Together the United States, the 17 nations that make up the Eurozone*, the United Kingdom and Japan account for nearly 40% of all global economic output.
Since the the end of 2007, when the world entered into a recession, only the United States economy, of the four aforementioned economic regions, has a larger economy than it did at the close of 2007.
Using constant prices, which adjust for inflation, at the end of Q3 2012 the size of the United States Economy was 2.2% larger than it was prior to the Great Recession. At the end of Q3 2012mm, the 17 nation Eurozone, which member nations share the Euro as a common currency, was 2.0% smaller than it was at the end of 2007. Japan’s economy was 2.3% smaller and the United Kingdom, 3.0% smaller.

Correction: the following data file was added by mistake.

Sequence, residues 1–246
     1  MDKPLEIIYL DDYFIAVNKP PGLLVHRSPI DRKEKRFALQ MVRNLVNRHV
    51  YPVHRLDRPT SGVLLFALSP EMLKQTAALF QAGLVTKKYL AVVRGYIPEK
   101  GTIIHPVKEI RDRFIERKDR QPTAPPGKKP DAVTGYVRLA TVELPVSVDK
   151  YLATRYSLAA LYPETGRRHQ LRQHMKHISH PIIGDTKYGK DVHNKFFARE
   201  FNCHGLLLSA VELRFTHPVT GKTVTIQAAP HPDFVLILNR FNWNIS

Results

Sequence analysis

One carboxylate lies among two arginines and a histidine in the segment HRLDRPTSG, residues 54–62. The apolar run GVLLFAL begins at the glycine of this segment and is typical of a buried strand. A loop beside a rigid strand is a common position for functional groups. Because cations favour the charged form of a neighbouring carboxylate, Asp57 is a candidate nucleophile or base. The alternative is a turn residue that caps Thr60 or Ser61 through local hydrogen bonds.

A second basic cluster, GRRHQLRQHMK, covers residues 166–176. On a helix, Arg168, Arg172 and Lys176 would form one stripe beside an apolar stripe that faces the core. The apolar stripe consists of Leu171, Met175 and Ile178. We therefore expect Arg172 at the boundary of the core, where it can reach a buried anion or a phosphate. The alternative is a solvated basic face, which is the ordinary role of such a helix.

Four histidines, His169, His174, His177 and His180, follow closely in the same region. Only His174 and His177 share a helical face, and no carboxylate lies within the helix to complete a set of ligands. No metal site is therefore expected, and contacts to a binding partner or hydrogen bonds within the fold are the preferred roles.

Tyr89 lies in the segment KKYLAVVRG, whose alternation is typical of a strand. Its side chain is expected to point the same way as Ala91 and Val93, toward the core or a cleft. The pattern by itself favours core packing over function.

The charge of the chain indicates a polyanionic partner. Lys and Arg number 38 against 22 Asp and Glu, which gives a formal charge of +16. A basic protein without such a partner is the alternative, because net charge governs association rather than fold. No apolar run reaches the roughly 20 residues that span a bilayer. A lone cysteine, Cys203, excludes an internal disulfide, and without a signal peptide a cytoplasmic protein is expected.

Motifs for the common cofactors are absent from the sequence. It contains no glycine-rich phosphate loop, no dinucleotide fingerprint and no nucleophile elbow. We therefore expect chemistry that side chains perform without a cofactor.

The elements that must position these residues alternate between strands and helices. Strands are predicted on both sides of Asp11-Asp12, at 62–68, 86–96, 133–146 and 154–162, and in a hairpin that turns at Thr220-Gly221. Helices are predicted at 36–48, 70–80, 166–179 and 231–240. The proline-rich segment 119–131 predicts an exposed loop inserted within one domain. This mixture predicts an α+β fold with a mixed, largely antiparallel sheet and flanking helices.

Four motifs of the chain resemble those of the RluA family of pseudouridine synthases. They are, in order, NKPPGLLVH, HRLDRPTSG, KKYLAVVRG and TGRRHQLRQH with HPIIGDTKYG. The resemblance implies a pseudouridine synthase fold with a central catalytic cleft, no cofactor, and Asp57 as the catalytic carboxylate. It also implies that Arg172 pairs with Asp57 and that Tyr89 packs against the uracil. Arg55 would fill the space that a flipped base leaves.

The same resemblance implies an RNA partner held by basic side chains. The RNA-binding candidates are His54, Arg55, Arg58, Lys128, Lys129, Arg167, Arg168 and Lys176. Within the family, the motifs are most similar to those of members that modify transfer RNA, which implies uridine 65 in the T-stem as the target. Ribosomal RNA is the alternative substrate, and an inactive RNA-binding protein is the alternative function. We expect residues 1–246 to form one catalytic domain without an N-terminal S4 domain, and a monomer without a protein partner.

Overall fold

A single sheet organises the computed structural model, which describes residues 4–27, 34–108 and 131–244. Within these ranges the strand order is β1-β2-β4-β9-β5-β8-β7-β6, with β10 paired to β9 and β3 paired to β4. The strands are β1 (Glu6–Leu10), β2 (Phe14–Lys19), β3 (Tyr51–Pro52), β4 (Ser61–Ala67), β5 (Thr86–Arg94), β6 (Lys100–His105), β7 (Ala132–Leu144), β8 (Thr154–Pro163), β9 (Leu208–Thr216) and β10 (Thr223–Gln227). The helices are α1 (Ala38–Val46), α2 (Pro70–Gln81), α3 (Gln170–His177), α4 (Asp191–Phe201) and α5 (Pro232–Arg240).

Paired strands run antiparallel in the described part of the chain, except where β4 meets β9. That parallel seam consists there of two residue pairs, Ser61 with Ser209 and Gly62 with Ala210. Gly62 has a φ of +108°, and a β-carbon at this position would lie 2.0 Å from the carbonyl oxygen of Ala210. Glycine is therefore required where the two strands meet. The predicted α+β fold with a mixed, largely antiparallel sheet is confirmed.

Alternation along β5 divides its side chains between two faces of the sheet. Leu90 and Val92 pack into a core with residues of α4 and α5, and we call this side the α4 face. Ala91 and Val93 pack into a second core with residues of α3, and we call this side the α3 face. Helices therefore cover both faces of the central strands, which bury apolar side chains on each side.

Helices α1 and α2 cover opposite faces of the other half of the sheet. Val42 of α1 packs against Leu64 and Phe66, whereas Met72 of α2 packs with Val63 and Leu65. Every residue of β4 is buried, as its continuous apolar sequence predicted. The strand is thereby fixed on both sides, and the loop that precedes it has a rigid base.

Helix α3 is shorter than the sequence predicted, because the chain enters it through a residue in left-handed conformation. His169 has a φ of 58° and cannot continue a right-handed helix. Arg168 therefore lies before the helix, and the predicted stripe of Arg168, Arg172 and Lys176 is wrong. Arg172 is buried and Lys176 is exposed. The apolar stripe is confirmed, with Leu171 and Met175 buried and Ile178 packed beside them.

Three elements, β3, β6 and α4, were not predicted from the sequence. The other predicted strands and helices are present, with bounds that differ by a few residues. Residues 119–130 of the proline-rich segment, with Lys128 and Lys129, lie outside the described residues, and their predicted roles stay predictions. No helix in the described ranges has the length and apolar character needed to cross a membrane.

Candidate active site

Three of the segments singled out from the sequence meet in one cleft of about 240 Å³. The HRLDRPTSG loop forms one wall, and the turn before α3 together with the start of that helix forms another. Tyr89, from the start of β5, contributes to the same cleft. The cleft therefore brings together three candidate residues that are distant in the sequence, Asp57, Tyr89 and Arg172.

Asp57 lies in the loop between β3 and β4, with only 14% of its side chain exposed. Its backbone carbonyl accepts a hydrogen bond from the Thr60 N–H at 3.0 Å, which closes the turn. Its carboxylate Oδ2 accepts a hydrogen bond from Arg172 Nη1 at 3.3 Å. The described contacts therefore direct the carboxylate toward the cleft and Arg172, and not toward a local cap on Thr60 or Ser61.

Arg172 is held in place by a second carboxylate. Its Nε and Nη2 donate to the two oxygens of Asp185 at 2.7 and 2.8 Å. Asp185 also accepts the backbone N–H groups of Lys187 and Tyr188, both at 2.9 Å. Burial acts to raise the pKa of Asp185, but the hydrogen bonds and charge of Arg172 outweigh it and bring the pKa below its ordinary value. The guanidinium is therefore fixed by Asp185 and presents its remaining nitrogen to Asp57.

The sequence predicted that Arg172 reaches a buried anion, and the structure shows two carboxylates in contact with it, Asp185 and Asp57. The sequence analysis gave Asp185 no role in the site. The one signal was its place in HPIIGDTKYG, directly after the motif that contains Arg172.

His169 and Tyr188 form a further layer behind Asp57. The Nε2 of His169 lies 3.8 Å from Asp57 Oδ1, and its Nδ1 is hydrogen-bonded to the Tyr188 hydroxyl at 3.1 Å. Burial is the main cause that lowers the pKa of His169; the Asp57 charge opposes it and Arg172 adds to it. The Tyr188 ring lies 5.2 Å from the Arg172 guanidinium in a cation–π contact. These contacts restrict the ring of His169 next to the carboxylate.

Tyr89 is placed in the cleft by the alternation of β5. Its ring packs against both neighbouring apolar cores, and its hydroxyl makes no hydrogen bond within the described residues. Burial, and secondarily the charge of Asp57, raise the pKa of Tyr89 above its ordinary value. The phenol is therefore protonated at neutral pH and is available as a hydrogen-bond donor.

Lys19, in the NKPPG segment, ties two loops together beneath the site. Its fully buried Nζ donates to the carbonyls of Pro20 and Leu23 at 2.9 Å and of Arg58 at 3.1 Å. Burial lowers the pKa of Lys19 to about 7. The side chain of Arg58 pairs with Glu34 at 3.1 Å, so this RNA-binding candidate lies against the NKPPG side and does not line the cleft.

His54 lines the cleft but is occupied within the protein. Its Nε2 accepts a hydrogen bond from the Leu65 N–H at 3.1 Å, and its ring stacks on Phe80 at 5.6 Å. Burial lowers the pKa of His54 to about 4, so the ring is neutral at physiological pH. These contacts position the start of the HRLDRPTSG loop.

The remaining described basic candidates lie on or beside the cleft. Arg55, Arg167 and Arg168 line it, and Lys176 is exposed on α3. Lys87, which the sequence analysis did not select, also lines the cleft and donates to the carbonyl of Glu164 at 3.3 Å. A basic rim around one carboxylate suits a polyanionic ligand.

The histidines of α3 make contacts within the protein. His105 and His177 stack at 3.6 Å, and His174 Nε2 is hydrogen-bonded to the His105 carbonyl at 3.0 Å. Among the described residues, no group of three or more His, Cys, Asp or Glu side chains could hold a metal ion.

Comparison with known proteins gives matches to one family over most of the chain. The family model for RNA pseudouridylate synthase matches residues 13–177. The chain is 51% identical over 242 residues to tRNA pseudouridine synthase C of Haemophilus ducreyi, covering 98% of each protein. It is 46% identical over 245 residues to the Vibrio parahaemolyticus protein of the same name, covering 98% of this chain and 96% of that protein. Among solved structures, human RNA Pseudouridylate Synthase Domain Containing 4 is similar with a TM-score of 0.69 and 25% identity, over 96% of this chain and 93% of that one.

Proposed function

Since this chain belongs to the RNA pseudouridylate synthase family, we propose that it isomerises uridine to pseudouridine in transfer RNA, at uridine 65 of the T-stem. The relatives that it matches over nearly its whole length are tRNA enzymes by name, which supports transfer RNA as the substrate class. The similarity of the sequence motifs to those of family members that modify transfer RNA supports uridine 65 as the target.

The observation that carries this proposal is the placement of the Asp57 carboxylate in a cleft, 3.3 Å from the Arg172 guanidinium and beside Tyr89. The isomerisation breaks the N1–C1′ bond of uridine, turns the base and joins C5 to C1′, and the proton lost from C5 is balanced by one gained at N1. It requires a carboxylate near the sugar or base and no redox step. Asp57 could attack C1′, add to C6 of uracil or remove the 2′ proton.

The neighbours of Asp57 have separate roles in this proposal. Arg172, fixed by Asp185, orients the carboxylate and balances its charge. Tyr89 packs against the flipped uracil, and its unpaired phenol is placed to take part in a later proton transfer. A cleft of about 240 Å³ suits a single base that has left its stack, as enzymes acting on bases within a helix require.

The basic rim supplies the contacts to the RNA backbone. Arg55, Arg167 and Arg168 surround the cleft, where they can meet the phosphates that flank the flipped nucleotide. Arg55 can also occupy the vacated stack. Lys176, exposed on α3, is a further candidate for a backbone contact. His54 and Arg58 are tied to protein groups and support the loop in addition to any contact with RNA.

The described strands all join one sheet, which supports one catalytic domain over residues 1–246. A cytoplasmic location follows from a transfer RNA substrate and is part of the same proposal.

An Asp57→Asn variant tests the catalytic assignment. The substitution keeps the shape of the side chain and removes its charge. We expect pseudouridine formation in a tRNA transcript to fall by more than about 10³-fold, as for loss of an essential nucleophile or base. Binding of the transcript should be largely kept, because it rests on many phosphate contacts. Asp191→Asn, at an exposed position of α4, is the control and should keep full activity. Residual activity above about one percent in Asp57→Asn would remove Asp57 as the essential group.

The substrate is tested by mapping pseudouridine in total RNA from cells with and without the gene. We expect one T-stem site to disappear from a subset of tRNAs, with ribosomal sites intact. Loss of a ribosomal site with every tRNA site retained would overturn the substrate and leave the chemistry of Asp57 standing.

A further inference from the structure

While all four regions began to recover in 2009, economic growth in the United States, though tepid, has continued throughout this year, unlike in the other three economic areas.
Data Source: OECD Main Economic Indicators- complete database accessed on November 16, 2012
* The 17 nation Eurozone includes Austria, Belgium, Cyprus, Estonia, Finland, France, Germany, Greece, Ireland, Italy, Luxembourg, Malta, Netherlands, Portugal, Slovak Republic, Slovenia and Spain.